Share “Agency: NJ utilities didn't communicate...”

Agency: NJ utilities didn't communicate post-Sandy

Published on NewsOK Modified: December 5, 2012 at 4:51 pm •  Published: December 5, 2012

He said the utility has already begun strengthening the power grid but acknowledged that the system has been weakened by the intake of saltwater from the surge and fuel from a 350,000 diesel spill just afterward.

That will result in more outages until permanent repairs can be made.

For example, a minor storm Tuesday night temporarily knocked out power to 9,000 customers, three times the number that would normally be affected by a weather system of that magnitude, he said.

Later, the head of Jersey Central Power & Light, the state's second-largest utility, was grilled by the panel over how his utility handled the superstorm, which left 1.3 million of its customers without power, some of whom got their power back briefly after the hurricane but lost it again during the nor'easter.

CEO Donald Lynch acknowledged there was confusion managing out-of-state line crews and tree cutters, but he said he was pleased that all customers were back online 13 days after such a huge storm.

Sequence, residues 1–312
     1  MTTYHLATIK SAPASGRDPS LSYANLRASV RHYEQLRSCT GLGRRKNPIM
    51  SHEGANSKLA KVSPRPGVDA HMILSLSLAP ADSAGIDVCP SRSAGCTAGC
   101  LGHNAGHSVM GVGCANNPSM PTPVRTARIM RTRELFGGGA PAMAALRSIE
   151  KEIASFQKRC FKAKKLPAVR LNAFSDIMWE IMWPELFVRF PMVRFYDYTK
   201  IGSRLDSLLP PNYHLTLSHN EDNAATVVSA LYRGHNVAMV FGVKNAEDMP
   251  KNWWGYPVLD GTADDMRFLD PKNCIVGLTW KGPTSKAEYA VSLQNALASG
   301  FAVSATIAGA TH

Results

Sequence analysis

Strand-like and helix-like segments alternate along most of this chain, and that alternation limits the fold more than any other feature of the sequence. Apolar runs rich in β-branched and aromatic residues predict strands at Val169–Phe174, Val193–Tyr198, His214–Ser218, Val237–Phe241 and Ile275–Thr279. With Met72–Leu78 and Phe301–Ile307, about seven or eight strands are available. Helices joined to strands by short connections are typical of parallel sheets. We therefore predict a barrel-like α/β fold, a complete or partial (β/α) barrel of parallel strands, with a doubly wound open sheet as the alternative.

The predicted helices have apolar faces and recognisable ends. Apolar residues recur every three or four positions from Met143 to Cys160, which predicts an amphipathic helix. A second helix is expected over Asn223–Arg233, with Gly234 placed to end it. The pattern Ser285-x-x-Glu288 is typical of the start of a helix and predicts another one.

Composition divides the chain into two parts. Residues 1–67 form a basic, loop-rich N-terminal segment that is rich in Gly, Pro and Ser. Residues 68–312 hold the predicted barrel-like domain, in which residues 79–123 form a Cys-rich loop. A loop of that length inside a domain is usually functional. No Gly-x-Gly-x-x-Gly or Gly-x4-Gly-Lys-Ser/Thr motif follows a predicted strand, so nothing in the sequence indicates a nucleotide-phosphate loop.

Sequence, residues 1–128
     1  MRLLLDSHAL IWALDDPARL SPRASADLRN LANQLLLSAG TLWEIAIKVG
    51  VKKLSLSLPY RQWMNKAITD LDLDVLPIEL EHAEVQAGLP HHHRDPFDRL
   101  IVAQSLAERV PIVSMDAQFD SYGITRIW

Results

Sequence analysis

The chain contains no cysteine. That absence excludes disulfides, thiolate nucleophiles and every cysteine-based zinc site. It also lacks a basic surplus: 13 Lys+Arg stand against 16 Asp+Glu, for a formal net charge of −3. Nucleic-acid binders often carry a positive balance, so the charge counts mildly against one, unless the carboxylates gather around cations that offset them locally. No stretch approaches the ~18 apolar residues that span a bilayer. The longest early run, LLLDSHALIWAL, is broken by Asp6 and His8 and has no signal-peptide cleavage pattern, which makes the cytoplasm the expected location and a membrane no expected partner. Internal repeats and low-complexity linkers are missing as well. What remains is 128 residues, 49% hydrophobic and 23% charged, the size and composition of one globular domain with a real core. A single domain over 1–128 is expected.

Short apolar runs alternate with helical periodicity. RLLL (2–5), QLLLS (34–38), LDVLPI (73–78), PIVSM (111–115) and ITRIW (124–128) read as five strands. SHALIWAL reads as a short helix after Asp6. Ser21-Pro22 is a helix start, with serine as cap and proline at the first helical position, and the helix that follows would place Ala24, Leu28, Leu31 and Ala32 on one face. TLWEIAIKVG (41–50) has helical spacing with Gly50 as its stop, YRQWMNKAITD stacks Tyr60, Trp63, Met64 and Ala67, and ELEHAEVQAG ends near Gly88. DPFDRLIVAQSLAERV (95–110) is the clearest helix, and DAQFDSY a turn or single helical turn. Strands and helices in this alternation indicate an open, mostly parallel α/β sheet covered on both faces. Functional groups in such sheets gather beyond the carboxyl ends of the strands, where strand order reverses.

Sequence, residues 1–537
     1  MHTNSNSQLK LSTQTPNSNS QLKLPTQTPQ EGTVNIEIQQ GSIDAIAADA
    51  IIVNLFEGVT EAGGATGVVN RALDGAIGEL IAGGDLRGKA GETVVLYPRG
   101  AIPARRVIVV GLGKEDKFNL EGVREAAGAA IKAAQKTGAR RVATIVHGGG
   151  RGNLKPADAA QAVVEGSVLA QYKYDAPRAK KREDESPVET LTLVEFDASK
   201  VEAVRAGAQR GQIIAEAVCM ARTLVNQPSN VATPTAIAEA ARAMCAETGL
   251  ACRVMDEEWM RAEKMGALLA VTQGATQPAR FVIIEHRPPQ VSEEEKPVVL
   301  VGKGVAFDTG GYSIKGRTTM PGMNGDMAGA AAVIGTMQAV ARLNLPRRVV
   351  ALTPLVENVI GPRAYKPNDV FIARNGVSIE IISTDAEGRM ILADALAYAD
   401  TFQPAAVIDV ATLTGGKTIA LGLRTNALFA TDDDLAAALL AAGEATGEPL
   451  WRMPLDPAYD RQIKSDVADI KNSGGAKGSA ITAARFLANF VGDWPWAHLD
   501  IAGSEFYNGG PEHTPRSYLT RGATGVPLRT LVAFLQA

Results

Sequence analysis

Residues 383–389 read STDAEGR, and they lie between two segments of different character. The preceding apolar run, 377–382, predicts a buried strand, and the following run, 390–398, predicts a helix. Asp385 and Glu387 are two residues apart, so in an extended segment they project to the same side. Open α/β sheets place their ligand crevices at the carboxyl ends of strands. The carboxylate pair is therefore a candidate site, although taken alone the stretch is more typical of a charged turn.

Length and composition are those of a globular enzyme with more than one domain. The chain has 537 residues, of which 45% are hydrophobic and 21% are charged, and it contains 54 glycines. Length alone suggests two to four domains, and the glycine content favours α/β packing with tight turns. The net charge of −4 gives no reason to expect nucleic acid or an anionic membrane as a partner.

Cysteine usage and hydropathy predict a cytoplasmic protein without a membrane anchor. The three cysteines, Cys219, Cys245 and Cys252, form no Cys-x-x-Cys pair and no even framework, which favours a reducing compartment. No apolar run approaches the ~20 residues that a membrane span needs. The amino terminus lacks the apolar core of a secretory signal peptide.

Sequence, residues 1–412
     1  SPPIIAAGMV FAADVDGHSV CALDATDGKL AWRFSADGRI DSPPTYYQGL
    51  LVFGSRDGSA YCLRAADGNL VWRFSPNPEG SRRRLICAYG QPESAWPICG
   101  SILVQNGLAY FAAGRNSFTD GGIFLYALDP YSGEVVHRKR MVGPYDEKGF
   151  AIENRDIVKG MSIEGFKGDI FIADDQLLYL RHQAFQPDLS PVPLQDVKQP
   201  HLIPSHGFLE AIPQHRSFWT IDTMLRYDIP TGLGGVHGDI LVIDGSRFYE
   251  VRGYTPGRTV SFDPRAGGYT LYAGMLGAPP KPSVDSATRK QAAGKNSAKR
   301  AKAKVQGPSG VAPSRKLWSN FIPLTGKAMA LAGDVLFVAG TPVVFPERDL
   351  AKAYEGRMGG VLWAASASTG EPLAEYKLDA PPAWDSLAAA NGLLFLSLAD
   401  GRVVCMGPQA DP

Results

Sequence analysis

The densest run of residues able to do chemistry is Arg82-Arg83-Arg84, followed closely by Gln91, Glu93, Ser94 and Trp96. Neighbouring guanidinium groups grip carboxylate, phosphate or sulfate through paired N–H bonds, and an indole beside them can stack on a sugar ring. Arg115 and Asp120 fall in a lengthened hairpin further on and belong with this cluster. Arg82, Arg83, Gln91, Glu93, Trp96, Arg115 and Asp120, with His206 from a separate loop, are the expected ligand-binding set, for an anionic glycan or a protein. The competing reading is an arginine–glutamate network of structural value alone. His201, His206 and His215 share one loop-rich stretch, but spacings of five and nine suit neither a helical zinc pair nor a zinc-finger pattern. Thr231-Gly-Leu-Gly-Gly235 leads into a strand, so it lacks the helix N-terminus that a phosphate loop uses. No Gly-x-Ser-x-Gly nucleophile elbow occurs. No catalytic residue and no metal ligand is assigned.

The company on Dec. 1 asked for permission to boost its rates by at least 1.4 percent to improve infrastructure and cope with losses from prior storms.

Sen. Kevin O'Toole was incensed at the timing of the rate hike request. During one heated exchange, the North Jersey Republican said, "It's a real stick in the eye, Mr. President, to have to sit here and field calls from my constituents that your folks are asking for a $31 million increase when some of them are barely getting their lights up. It's insulting."

Hanna of the BPU said JCP&L was ordered to file a base-rate case because of allegations that it is taking money from New Jersey and sending it to its parent company, First Energy Corp., in Ohio. The utility chose to ask for a rate increase as part of that filing.

Hanna criticized the utilities' communications with customers and lawmakers after the storm.

Though there had been improvements since last year's Hurricane Irene, "the grade is still F," Hanna said. He said the BPU is doing its own audit of the utilities' communications systems to determine how they can improve.

At each stage of the storm, the utilities are generating information internally, he said. In the future, the utilities must be able to pass information about power restoration in real time to the public, he said.